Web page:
The last known contact with MH370 was made over the South China Sea between Malaysia and Vietnam. For reasons unknown, it backtracked over the Malaysian peninsula.

The search swung deep into the Indian Ocean last week after initial satellite images depicted large floating objects there, and a flurry of debris sightings continued into Monday.

- Hunt for 'black box' -

The US Navy on Monday sent a specialised device to the region to help find the "black box" of flight and cockpit voice data, along with a robotic underwater vehicle that can scan the ocean's depths.

The high-tech black box locator can track down flight recorders as deep as 20,000 feet (6,060 metres), the US Seventh Fleet said in a statement. The search area ranges from 3,000-4,000 metres deep.

The 30-day signal from the black box is due to fail in less than two weeks.

Australia said the search for debris grew to 10 aircraft on Monday, with two Chinese military aircraft joining Australian, US, and Japanese planes. Chinese, British and Australian naval vessels are also involved.

As part of an investigation into the crash, Malaysian Transport Minister Hishammuddin Hussein said police have interviewed more than 100 people, including families of both the pilot and co-pilot.

Timeline: the hunt for flight MH370
Kuala Lumpur (AFP) March 24, 2014 - Malaysia announced Monday that a Malaysia Airlines plane which went missing more than two weeks ago crashed in the Indian Ocean, bringing a measure of closure to relatives of the 239 people on board.

Here is a timeline of major developments in the hunt for flight MH370:


-- The Boeing 777 takes off from Kuala Lumpur at 12:41 am, bound for Beijing. It vanishes from Malaysian civilian radar at 1:30 am, just before passing to Vietnamese air traffic control. It blips on military radars until 2:15 am, but that sighting is only later identified as flight MH370.

-- Vietnam launches a search operation that expands in the following days into a multinational hunt in the South China Sea.

-- Vietnamese planes spot two large oil slicks near the plane's last known location, but they turn out to be a false alarm.

-- It emerges that two passengers were travelling on stolen EU passports, fuelling speculation of a terrorist attack. The two Iranian men are later revealed as suspected illegal immigrants.


-- Malaysia's air force chief says the plane may have turned back towards Kuala Lumpur for no apparent reason, citing radar data.

-- A Vietnamese plane spots possible debris off southwest Vietnam -- another false alarm.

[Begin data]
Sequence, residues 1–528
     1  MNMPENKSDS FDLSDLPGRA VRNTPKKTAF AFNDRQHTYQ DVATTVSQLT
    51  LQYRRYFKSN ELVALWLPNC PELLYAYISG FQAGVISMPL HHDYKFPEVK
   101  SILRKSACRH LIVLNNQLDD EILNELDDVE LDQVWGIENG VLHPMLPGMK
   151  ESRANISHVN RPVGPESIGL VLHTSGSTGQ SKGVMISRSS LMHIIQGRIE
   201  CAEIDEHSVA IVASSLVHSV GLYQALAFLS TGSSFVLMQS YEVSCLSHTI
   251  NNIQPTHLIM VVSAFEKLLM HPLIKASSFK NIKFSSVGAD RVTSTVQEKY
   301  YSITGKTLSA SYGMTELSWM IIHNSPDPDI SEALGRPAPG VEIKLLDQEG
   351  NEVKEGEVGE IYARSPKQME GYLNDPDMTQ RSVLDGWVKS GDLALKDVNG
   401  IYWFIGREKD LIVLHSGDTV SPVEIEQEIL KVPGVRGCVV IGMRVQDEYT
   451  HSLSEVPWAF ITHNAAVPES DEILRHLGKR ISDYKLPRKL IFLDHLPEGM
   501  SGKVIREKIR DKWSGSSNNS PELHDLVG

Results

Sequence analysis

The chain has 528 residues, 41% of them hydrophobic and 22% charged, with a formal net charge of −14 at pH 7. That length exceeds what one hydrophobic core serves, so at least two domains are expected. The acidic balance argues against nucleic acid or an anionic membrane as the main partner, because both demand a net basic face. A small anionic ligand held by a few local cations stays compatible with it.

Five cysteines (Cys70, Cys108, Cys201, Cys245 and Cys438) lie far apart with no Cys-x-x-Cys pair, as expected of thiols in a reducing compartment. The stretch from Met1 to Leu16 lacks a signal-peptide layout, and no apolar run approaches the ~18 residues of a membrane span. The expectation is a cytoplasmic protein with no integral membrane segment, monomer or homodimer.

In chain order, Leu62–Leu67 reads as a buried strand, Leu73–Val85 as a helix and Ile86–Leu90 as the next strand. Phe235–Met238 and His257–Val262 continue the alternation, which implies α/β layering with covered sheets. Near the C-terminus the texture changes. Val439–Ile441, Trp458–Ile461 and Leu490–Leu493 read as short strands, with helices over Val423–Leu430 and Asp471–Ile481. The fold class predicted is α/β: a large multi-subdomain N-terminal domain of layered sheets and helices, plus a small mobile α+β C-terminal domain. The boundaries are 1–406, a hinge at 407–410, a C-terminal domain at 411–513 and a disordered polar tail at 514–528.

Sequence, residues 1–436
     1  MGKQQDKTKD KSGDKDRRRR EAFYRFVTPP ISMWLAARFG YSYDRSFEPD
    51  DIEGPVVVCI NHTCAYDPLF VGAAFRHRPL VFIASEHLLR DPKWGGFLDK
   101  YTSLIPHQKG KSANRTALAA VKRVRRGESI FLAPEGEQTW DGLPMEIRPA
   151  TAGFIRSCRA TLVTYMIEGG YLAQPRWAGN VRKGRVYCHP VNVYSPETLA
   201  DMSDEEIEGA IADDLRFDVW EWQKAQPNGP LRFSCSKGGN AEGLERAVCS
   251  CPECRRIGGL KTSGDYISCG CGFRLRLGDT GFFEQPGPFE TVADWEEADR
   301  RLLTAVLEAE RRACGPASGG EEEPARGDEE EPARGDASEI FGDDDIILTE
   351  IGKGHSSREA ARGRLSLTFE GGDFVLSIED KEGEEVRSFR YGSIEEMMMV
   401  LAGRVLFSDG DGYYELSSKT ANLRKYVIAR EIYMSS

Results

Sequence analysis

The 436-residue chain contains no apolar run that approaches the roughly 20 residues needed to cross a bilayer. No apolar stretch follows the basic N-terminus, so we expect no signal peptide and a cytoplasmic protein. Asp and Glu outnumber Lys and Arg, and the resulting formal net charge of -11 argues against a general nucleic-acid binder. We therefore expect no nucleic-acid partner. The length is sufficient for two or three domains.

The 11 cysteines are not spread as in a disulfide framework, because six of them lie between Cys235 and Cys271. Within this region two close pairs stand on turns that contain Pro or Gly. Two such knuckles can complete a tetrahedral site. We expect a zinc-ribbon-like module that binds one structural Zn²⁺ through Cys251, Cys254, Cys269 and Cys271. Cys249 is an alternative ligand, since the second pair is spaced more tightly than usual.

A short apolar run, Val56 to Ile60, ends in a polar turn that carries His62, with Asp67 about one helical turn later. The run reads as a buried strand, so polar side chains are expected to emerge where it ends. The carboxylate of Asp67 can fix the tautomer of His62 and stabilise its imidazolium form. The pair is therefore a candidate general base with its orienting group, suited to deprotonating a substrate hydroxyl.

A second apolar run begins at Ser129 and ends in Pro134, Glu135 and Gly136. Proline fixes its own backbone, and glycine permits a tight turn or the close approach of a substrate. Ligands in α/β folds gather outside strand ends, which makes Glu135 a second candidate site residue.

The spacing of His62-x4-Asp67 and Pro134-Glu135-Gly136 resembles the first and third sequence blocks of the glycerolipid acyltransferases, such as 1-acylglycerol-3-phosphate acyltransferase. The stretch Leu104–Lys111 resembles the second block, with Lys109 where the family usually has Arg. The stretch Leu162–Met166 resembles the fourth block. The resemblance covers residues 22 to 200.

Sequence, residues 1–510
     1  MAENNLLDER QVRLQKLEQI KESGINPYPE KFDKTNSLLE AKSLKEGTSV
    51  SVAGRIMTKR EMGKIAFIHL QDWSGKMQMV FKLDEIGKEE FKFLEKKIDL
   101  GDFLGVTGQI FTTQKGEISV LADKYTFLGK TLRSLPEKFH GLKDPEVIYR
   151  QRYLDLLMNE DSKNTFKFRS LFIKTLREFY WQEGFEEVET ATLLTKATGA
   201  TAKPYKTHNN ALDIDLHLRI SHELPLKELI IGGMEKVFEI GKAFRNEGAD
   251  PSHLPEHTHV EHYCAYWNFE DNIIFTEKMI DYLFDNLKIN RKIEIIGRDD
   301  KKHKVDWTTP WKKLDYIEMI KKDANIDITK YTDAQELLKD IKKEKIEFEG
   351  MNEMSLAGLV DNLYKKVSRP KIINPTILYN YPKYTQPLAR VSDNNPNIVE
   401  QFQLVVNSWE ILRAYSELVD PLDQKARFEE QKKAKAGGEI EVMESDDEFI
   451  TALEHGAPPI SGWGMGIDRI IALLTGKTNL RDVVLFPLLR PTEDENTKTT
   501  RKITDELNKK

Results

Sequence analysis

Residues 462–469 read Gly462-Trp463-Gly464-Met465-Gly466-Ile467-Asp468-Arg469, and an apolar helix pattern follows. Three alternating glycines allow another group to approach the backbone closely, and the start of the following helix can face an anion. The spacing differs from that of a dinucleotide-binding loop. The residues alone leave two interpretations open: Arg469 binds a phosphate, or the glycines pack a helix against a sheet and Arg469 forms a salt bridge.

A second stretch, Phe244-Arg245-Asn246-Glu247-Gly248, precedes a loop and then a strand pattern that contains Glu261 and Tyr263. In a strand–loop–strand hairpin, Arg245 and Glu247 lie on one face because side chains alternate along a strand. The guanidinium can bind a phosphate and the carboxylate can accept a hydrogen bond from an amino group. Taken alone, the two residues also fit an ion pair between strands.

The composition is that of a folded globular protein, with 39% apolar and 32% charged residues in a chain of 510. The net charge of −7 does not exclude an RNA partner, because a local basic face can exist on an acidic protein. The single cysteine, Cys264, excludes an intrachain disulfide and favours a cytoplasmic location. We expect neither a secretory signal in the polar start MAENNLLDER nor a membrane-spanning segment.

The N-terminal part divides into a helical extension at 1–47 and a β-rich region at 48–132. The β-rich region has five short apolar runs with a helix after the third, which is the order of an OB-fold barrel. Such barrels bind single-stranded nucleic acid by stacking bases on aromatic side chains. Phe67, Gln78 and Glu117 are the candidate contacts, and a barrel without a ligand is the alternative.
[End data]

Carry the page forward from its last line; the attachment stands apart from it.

-- Malaysia sends ships to investigate a sighting of a possible life raft, but only flotsam is found.


-- The search area now includes land on the Malaysian peninsula, the waters off its west coast, and an area to the north of Indonesia's Sumatra island -- all far from the flight's scheduled route.


-- Malaysia expands the search zone again to include the Malacca Strait off its west coast and the Andaman Sea north of Indonesia.

-- Malaysia's air force chief says an unidentified object was detected on military radar north of the Malacca Strait early Saturday, but says it is still being investigated.


-- Chinese satellite images of suspected debris in the South China Sea are found to be yet another false lead.


-- The hunt spreads to the Indian Ocean after the White House cites "new information" that the jet may have flown on after losing contact.


-- At a dramatic news conference, Malaysian Prime Minister Najib Razak announces that the plane appears to have been flown deliberately for hours, veering sharply off-route at roughly the same time that its communications system and transponder were manually switched off.

-- Satellite data now places the jet anywhere in one of two huge corridors of land and sea -- a northern one stretching into Central Asia and a southern one swooping deep into the Indian Ocean. The search in the South China Sea is called off.


-- As the number of countries involved in the search jumps to 26, experts examine a flight simulator installed in the home of Captain Zaharie Ahmad Shah.


-- After conflicting statements, officials confirm that the relaxed-sounding last words from the cockpit -- "All right, good night" -- came two minutes before the plane's transponder was shut down.

-- Malaysia Airlines says the voice is believed to be that of co-pilot Fariq Abdul Hamid. Police probe a potential political motive on the part of Captain Zaharie, a supporter and distant relative of Malaysian opposition leader Anwar Ibrahim.


-- Australian and US surveillance planes begin combing 600,000 square kilometres (230,000 square miles) of the remote Indian Ocean in the southern search corridor.

-- Desperate relatives of the Chinese passengers threaten to go on hunger strike.


-- Malaysia says background checks on almost all passengers and crew have produced no "information of significance".

-- Angry Chinese relatives try to gatecrash Malaysia's daily media briefing on the investigation, unfurling a banner reading: "Give us back our families."

-- With the 26-country search apparently bogged down in coordination problems, Thailand's air force reveals its military radar had picked up what appeared to be flight MH370 just minutes after it was diverted.


-- Australia says satellites have spotted two objects, one estimated at 24 metres (79 feet) long, in a remote area of the southern Indian Ocean.

-- Four surveillance aircraft are dispatched to the area, as is a Norwegian merchant ship. But in poor weather, they spot nothing.


-- Planes spend a second fruitless day searching the remote stretch of the Indian Ocean.

-- Malaysia asks the United States to provide undersea surveillance technology.


-- China releases a new satellite photo of an object floating 120 kilometres (75 miles) from those pictured in the Australian images.


-- Along with French satellite data indicating floating objects in the area, sightings of a wooden pallet and other debris raise hopes of a breakthrough.


-- China and Australia both announce fresh, separate sightings of objects in the sea, adding to the mounting evidence of debris in the Indian Ocean.

-- The US Navy orders a specialised black box locator sent to the area.

-- Late in the evening, Malaysian Prime Minister Najib Razak announces "with deep sadness and regret" that MH370 crashed into the Indian Ocean, citing new analysis of satellite data. In a message to families, the airline states "we have to assume" the plane was lost at sea.